Acknowledgements Introduction T he close: of Atfld (Alan Parker, 1987, US/Can.lUK) provides a significant dilemma for both Ihe character Harry Angt:1 (Mickey Rourke) and also the vie"'er. Harry, as one would expect, firmly believes that he is Harry. He looks like l-larry and speaks like Harry. have identified with him as Harry Angel, the r.uher chamling and likeable pri\'2te in\'estiplor, for the entire film up to this point. The c1imaJ: of the film, howc\'er, displays Harry desperately screaming at his mirror image 'I know who I am', after being told by the Devil (Robert De Niro) that he is not Harry and is, in fact, a singer named johnny Favourite - the ve.ry person that Harry has been attempting to tracl: down in the narntive. Harry's inilial reaction is to go to the mirror as if attempting to confinn to himself thal he is whom he thinks he. is. Perhaps, on the olher hand, he is expecting his appearance to have: morphed into another, which would confinn this confusion around his real identity. Yet he still looks like 1-larry, he sliU feels like he is Harry, but he is not: Harry's mirror image is delusional, and it takes Lucifer 10 convince Harry otherwise. Angel fleart provides a narrative where. Harry is sent on a wild goose chase by Louis Cyphre (Lucifer) who is posing as a businessman. He is employed as a private investigator to tr.lck down singer juhnny who, as Cyphre explains, has skipped out on a 'business' deal they had nude. The deal was that Lucifer would make johnny famous in return for his soul. Johnny, however, :ntempIing to outwit Lucifer, steals the soul of another (Harry) and assumes his it.lcnlity. Ultimately johnny/Harry becomi..'S unable 10 remember his former life as johnny and he is literally, and unknowingl)'. employed by Lucifer to track himself down. The close of the narnlive finally reveals lh:ll Harry is not whom he. thinks he is and, all along, he hllS played the villain committing horrific acts of violence; he has no memory of these acts until the final scenes where il all comes back to him. As is usual wilh psychologic::ll-based horror genres, the here are several people 10 whom lowe a gre:lI deb. of gratitude, and who made 7'lrt Bn;t8tJ F,u a pleasure to work 00; any omissaons or errors are mine and mine alone. Firs. and foremost I would Like to thank Tan)'2 Knywinsb; ifil for her grell knowledge and suppon this book would never ha,'c bttn wrineR. I would also like to thank Linda Ruth Williams for her support., and ad,·ia:. Various colleagues ha\'c m:ade helpful comments and suggcstions during the course of Ihis research, and I would p:arlicularly like 10 thank Leon Hunt, Paul Ward, Geoff King, Ciao Duffy, Urian Ridgers, Richard Mills, Carole Murphy, Maria Mellios, Jon Hackett, Ilrigid Cherry, and Michele Aaron. lowe a debt to colleagut:S at SI Mary's University College who ha"c allowed me time 10 work on this book. To Gillian Leslie, and all at Edinburgh University Press, who betn so helpful in the wriling of £'o. Thanks also to my famil)' whose support has been :I. continu:l.l source of strength, and to my friends who have accompanied me to the cinema :and allowed me to waffle about film :and teJe\·ision over the years. I would particularly like to mention Laura Wood, Sarah Davenport, Grant Durnside and Chris Lambeth. For Kevin Ricks, who was there in the beginning :and provided much support and encourab-ement, I am eternally grateful. Without IJctcr Howell I could never have finished this project; thank you for your endless suggestions and help, and for taldngon the bulk of childcare so I had time to walch, read and wrile. L:lstly. life has lIew meaning with Matilda Charlone Howell- welcome to the world, and to the wonderful visual you have 10 look forward 1'0. T :1 Tin IlESIt:ta:u IWO viewer is aware throughoUl that something is amiss; e\'erywhcrc Harry goes a de..d bod)' lOrns up and he scems umble to detach himself from unfolding of his conneclion 10 other characters. It is not until the closing e\'cnts, st..ges of the film that \'iewers become ..ware that the Devil has knowingly sent H:ury after himself Oohnny) 10 take: back his debt. The final twist in the plot It..-aVr5 Harry (understandably) utterly confused in relation to his idcntiry, and the film taps in to the dr:unatic notion that e\'en looking in the mirror and seeing ourselves does not m.'cessarily confirm thai we are who we think: simplistically put, appearances can be: dea:pti\'e. Mirrors fC2ture at other promintnt momttlts in the film; in thc scene where Harr)' has sex with Epiphany (Lisa IJonel) (and actually murders her) he looks at his mirror rcOeClion and punches the glass, sh>luering his own image. He later gOd back 10 this same mirror and stares at his fragmented image. Similarly, during a scene when: Harry interrogates Margaret's father (Stocker Fontelieu), he stares in the mirror in the bathroom shouting 'who's the boy?' as Margaret's father rells him Johnny stole the soul of a young soldier; this is a prelude to Ihe later scene where he will similarly try to use a mirror to assert his identity and find answers but the film also implies that it is during thi."Se mirror scenes that Harry in actuality kills Epiphany and Margaret's father. Finally, Harry goes to Marguet's (Charlone Rampling) apartment and finds soldier tags confirming that it was, indeed, Harry Angel whose soul was stolen by Johnny Fnourile. He consistently claims, however, that he knows who he is and he rushes to the mirror to confirm this f:lCl. The De\'il, who has appeared in the room, replies 'uke a good look johnny, however cleverly you sneak up on a mirror, )'our reOcction 21w2) looks you str.aight in Ihe e)·e'. Harry continues to insist lhat he knows who he is and he: SI2J"CS in Ihe mirror aU the while; it is during this prolonged SlatC at himseJf that Harryl johnny begins to sec: that he did commit lhe murders that he investigates in the lUrr:ltive, and finally realises Ihat he is, indeed, Johnny Fnouritc. H.:lrry is arrested in the final sanes of thc film, and it is here that his split identit)', or pos.sesscd self, is made explicit visually (rather than implicitly through the usc of mirrors); as the police: officer tells Harry that he will 'bum in hell' for what he has done, Harry nods in agreement :lnd his head appears split down the middle. With the usc ofsubtle special effcClS the two halves of Harry's facc and head appear incongruous and at odds with each olher; Harr)' is not one, but two. The narrative structure and visual dcvices deployed in AI/gel /feart provide a useful introduction to the eOIHen! and focus of this book. Split identity frequents the silver screen continually :lcross a nnge of genres; this book charts lhe multifaceted ways the double or fragmented identities function on-screen. The)' pro\'ide narrative cause and effect, character motivation and, abo\'e aU, II" I 1\ u ..... v .... I I v n -' I{)CClacie. What is so effective in Ansel HeQrl is that this um."Onscious subjectil'e split nature erupts from the unknown into the 'real' and knowable. This provides an extremely spectacular way of pro\'iding drama and tension to auract an audience but it also taps into contemporary concerns that surround identity, and this also helps (0 explain the popularity of narrativcs such as in A",e/llellrt. and why they might engage audience interc5t. As is the case with nuny of the films discussc:tl in this book. AnSd Heur,'s narr.&til-e is not simply figurative of a split nature. Rather. tbe film places this in the contexl of the use: of voodoo and black magic in Dttp South America, and, as Krzywinska argues, the film links \'oodoo with sat.lnism (Krtywinska 2000: 182); Harry's doubling is dirtttly linkc=d to voodoo and its relation to the Dr:vil. As is so often the case with doubling. a split nature is provided as a narralil'e base to tap in to the problematic:s surrounding many charged cultural struggles which, in this case, is an understanding of voodoo, and in horror film conventions is often grounded in black magic. Harry's doubling with, or p0ssession by, johnny is used as a psychological narrative tool 10 address issucs surrounding cults and religions (voodoo and Christianiay), metaphysics, and the use of magic. What is also perhaps most noteworthy about Angt/ f/(art is that Harry (originally alleasl) is mainly an innocent character. The film makes it clear that Harry was an innocent bystander who, being in the wrong place at the wrong time, and possibly a little drunk, falls prey to Johnny's possession and Margaret's seduction. More usually in narr.lli\'cs that centre 011 the double, the protagonist is guihy of some form of immoral behaviour or activity which is then exaggerated and played out further by the dark double, or monster within. The crnergtnce of the Jark double or monster within is therefore often a direct result of the protagonist's be:ba"iour. The double, then. is deeply linked to our sense of humanity, morality, ethia, and oftcn plays out in fiCiional form cultunl fears surrounding our capacity for monsuous or ulUCttptablc behaviour, our sense of selfand, importantly, self-worth. The double, or doppelganger, is no stranger to fictionalised foons but it has thrived in the age of the: moving image and this is due (0 several key points. Firstly, illusions afforded by cinematic technology lend themse.h'es well to tales thaI draw on the supernatural (though it should be noted that the double is not confined 10 genres that centre on the supematural). Secondly, it is in the: visual image that the double has power or holds sway. As Andrew j. Webber argues 'the Doppelganger is above all a figure of visual compulsion' (11}()6: 3), While Webber is discussing Gcmlan literature, arguably the uncanny visibility of Ihe doubk is located distinctly in the \'isual which is the very premise of film and t'devision. Lastly, it is in the generic nature of (mainstri."2m) film and t'elevision that f:uniliar tales are told and relold, and the double has an allure thal continues to fascinate viewers; the deeply unknowable nature of identil)' ... THE BESIEGED EGO is transformed on-screen into a spect-",de that makes the theme of fragment:lry identitY:l t:lngible force. From the ancient Greeks' preoccupation with the gods, to fairy fales, through to contemporary I'elevision series and film, themes that hinge on the unknowable and irntional, and narrativcs that test the boundaries of the 'human' hold a continual allure for storytellers and their readers and :mdienees. As onl and wriuen t'llies of gods and monsters inform flightS of the imagination, SO cinema has the capacity to realise visuall)' these: stories for us. It is the cinema's capacity for illusion and spc:cl'acle that pro\'ides the perfect forum for playing out narratives that centre on fantastic and nugical and figures; narrath'cs that potentially provide tsClIpe from the prosaic qualit'its of ever)'day existence. Figures of the imagination, such as the vampire, witch, werewolf, ghost Or doppc:lg:mger have a spccial power to lure Our jnt'ertst. While these figures might appear incongruous in the hi-tech contemporary world, they an: nonetheless featured regularly in various forms of popular culture. AU supernatural figures potemially endanger human identil'y, either through threat to the mental or physial, or through repliation, annihibtion or e,'en seduction (the V:tmpire, for example, often seduces "ictints to their death). While in the genres of fantasy and horror, figures such as the v:ampire or werewolf are perhaps best known as anti-heroes, the double or doppelganger has always maintained a shadow-like prese.nce on the screen - and is not just confined to f:antasy-b;lSCd supernatural genres. While the duuble or doppelganger has bttn discussed in the COntext of the G01hjc :and literature, the double (or fracrured identit)·) has bttn largely overlooked in film "..riticism. This is despite the facl thai doubling has frequented the silver screen in a multifaceted way :and is evident across :a range of genres throughout film and television history. This book aims to provide a thorough analysis of split characters in film and lelevision 10 ascertain what is at stake in the representation and meaning of characters that have losl a sense of wholeness and autonomy. Representations of identity are realised in film and television primarily through characters; identity in relation to most characters is figured as the representation ofa (human) 'selr. While I am not concerned with spectatorship in Ihis hook, I maintain that the 'humanness' or the 'scW that t;haraclers represent is inlegral to how viewers identify, and this identification plays :a core role in providing viewer pleasure. Film and television representations of identity, of the 'seW, are, for the mOSt part, however, contr",dictory; arguably, figures such as the :action hero are often neu perfect versions of the human who possess the skills and ingenuity to defeat all manner of villains, )'el other b"enres posit a different view of identity altogether. Across genres, char",cler idenlit)' is phl)'ed out in many different ways: in mainstrc:am genres the hero is often primarily fuUy in charge of his l narrative, drh'ing the action forward jusl as Laun Mulvey discusses in rel:atiol1 to classical What is often most app:arent aboulle:ad characters m m:any mamstream examples is that they are :autonomous, in control of their body's pain and action to the point of being almost 'inhuman'. for example, tht stunts and t1ploits accomplished by characters such as John McClane (Bruce Willis) in o;e Nard (John McTiernan, 1988, US) are achieved through Literally incredible body strength, intelligence, ingenuity and wit, as well as a little luck: these are allributcs not many could claim ownership over (not over all atlcast). Yet, the: more \'ulnc:rable :allributes of such a characrer as McClane are evident in »peets of his personal life; his wife has left him to pursue a sUCCt:SSful carec:r, Ic::aving him feeling unwanted. Characters such as John McClane are familiar in mainstream film, and most viewers :are accustomed to watching nClrperfet..1 "ersions of 'humanness' on--screen. uterally incredible strengths are made be:lienble by being :annexed lO aspects of weakness, We can believe in McCain's perfect qualities because: he is weak in other ways (or, we believe in Shc:rlock Holmcs's astounding perspicuity bc:ausc:, in personal terms, he is a deeply conflicted characler). 'l'hese 'ideal' characters cerl2inly provide one of the ple:asures in watching cinem:a; they bolster a collecti"e audience sense of empowerment. Perhaps as viewers we feel strengthened through aligning oursc:I\·cs with such powerful and daring figures.! It can be usc:fulto view such hero characters in the light of Freud's notion of ' wish fulfilment' which Freud discusses in relation to dreams (1900); such characlers play oul many hero qualities th:at the audience an gain ple:asute: from if they identify with characters such as McClane. Ideal characlers are not always on display, however, And it should be noted that recent action films, such as TIre Bourne Identity (Doug um:an, 2002, US/Ger./Cze.) and the follo¥dng sequels, feature protagonists that have a more difficult or unknowable identity; in the 80llme films, Jason (Matt Damon) suffers from anmcsia and cannot remember who he is. This one example suggests a shift in representation towards more difficult identities Ihat lean towards fracture and loss, yet this is nOI quite the case:: doubles and fractured characters have existed in cinema since its inception, and this is often bcc:ausc: film and television draw from literary, mythic and fairy-tale sources for narrative :and ch:aracter. The S'udtnt of Prague (lAor Slut/ent wn PrQgue) Stellan Rye :and P:aul Wegener, 1913, Germanyl features:an identical double lhat stalks the protagonist after a p:aCt with the Devil; many versions of the Dr Jekyll and Mr Hyde n:arrative have been produced from the lC)08 short film through to Paolo Dar'J:m:an's 2008 made-for-television movie. Even Chuck Jones's 1953 cartoon Ouct AmUCk features two Daffy Ducks. Throughuut the history of the moving image, splinlered identities have haunted the screen. b THE IlESIEOED EOO The: title of this book refers to a ps)'chical projection of'stlr Ihat frequently comes under aHack, and this can be ,'iewed in two ways. Firstly, in ps)'choanalytic theory the ego is consistently besieged, and secondly, the protagonists (whom we can view as 'egos') that frequent many moving-image examples hne likewise been plagued by a of hostile forces. Chapter 2 will explore the concept of ego in psychoanalytic thought (specifically in relation to Freud and Lacn) but it is worth brieOy outlining here the importance of the concept of ego in understanding problematic representations of identity on-screen. The term 'ego' derives from the Lat'in subject pronoun mC3ning 'I' and is now used commonly to describe somcone having a rather high opinion of her/himself. As early as t8Qt the term ego begllll to delineate an inflaled sense of self-worth, and this is approximately Ihe same time that Freud look up Ihe term in his thcory. This poincs 10 a lension between the ps)'choanalytic use of Ihe term and a more popular usage. Whal does seem probable, though, is that our ego is relued to who we see as ourselvtS. lfsomt':one has too big an ego, they overvalue themseh'es, and, if someone has no ego, the)' mUSI therefore havc a low opinion ofrhemselvcs. The Oxford EIIgliJh J)iCliollury explains ego as 'scW or 'self-esteem' (Hawkins 1988: 157); this is an aspect, then, that we shall apparently never have in common with another, and it is taken often to refer to the purdy personal, or 201 least that which feels personal. Sherif and Cantril suggest that the word 'ego' has been proposed by some as 'a substitute fOf" the "soul'" (Sherif and Canlril t947: 92) which furlher suggests individualisl connotalions and rel:ues, therefore, to cuhures., or ideologies, where: individualism is celebnted or nlued. II seems reasonable that the ego can be considered conn«led to valuc:s placcel on individualism and underlies the way that we cxperience identity. Terms such as egomaniac or egolist, however, suggest that ego is nOt only how we perceive ourselves but also links to how we wish 10 be seen by olhers or how others experienl.'t: us. The concept of ego is centnllo Ihis book as it provides a means of underslanding ide:mity; it is important to Sllo)', however, thai the ego in psycholmal)'tic discourse (which is largely conscious) is only one flart of psychical functioning, wilh other elemenls pl:l)'ing a role in the psychical drama. One: of the creative: and lantalising idCOlS of psycho;a.nalytic thought is that we rna)' not really know who we arc. PS)'choanlll)'tic models of the psyche show thai Ihe ego is a device that works 10 dis:1\'oW the more Iruthfully fragmented e:xperiem.'t ofsubje:cti,'ity and identity. 11 is 01)' intenlion to show that Ihe representations of splil identity in film resonate with issues that surround identity as a cuhunl construction - as it is aClually experienced. Psychical splitness is inherenl to psychoanalytic understandings of the psyche; this is noridly app.arent in Jacques Lacan's work. Jacques-Alain Miller describes succincdy "the LacaniOln "seW'; it is intimately related to self-punishment. In otMr words, it has nothing to do with unity, harmony, equilibrium, or enjo)'ment. Rather, il is already a divKled selP (Miller 1996: 8). J also iook to Sigmund Freud and the splilting of the psyche into interweaving proceiSCS (id, ego and superego), or conSl.:ious/unconsOous. Based on the meaning of the ego, Freud described the function of ego as the: 'coherent organization of menial processes' (Freud 192Jb: 355); the ego mediates between tbe id, superego and external realily. As me ...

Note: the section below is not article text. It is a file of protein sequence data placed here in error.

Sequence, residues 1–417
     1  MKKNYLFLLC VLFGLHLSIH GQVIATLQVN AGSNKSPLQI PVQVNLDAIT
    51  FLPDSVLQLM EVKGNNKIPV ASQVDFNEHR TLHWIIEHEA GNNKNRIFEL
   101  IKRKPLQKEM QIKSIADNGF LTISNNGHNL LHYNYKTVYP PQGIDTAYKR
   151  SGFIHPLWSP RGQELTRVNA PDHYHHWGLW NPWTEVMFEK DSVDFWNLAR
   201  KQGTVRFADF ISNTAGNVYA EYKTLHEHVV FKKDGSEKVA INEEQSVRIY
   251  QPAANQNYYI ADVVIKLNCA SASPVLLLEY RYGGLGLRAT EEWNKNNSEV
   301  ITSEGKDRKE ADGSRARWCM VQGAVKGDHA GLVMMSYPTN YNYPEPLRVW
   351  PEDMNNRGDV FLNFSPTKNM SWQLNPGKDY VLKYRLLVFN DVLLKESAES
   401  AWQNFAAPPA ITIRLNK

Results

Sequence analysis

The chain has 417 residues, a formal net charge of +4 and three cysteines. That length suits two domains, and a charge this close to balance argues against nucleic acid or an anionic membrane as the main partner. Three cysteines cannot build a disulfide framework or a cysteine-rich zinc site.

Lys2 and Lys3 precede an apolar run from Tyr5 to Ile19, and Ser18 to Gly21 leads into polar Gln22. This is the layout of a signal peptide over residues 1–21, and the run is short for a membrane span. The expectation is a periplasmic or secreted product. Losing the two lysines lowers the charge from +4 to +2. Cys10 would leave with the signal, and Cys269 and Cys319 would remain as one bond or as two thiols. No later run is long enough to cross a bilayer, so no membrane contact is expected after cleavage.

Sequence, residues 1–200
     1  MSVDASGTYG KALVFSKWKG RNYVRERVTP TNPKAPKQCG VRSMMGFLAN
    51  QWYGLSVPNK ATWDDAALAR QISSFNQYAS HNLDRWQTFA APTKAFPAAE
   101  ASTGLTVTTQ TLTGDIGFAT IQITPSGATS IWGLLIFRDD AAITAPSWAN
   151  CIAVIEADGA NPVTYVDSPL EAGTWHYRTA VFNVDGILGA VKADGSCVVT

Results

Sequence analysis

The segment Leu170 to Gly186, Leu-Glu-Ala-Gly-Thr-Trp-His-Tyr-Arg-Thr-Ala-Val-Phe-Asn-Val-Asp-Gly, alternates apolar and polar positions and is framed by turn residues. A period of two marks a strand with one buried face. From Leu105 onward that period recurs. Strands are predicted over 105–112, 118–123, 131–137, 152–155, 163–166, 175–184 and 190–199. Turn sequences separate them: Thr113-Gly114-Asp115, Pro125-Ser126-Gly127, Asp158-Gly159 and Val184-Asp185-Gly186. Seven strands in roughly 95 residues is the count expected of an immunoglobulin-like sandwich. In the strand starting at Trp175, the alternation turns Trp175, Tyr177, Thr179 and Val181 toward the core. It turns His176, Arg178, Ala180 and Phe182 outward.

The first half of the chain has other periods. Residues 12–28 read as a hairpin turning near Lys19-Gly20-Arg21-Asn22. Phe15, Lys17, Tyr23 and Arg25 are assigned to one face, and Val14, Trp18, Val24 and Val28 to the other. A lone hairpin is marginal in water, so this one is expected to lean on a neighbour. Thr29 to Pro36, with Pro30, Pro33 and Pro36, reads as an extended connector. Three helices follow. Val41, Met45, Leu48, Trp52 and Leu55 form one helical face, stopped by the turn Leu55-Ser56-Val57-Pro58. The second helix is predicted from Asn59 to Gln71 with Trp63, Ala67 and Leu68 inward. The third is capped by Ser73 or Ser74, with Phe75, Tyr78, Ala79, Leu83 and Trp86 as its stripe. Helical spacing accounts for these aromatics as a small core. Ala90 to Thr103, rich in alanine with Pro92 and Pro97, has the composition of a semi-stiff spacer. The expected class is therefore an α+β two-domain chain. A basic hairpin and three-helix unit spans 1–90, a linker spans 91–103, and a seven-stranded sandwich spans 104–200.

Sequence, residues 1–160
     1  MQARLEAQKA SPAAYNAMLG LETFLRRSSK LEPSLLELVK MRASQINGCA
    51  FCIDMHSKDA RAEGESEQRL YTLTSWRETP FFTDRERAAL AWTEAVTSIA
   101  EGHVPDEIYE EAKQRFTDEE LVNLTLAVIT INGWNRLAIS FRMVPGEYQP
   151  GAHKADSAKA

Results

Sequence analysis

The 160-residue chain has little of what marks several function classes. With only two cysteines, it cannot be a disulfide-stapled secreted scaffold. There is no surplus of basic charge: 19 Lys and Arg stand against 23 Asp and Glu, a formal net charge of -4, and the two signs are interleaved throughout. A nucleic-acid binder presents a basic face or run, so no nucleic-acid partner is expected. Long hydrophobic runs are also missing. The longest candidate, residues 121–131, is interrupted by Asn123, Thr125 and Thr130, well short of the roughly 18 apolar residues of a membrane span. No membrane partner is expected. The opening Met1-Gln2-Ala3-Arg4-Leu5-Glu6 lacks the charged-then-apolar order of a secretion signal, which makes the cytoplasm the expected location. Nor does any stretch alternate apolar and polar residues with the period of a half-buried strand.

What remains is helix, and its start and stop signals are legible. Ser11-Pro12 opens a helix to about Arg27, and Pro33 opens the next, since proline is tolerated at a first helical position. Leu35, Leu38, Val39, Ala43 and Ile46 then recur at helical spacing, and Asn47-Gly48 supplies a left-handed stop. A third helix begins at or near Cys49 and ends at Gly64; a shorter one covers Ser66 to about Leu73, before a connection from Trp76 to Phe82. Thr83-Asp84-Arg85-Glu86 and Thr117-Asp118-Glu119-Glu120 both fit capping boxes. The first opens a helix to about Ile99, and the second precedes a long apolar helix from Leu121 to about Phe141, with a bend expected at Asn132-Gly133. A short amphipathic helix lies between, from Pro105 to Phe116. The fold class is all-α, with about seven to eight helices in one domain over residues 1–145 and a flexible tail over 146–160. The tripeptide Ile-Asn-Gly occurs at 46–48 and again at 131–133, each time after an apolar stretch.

Purchase answer to see full attachment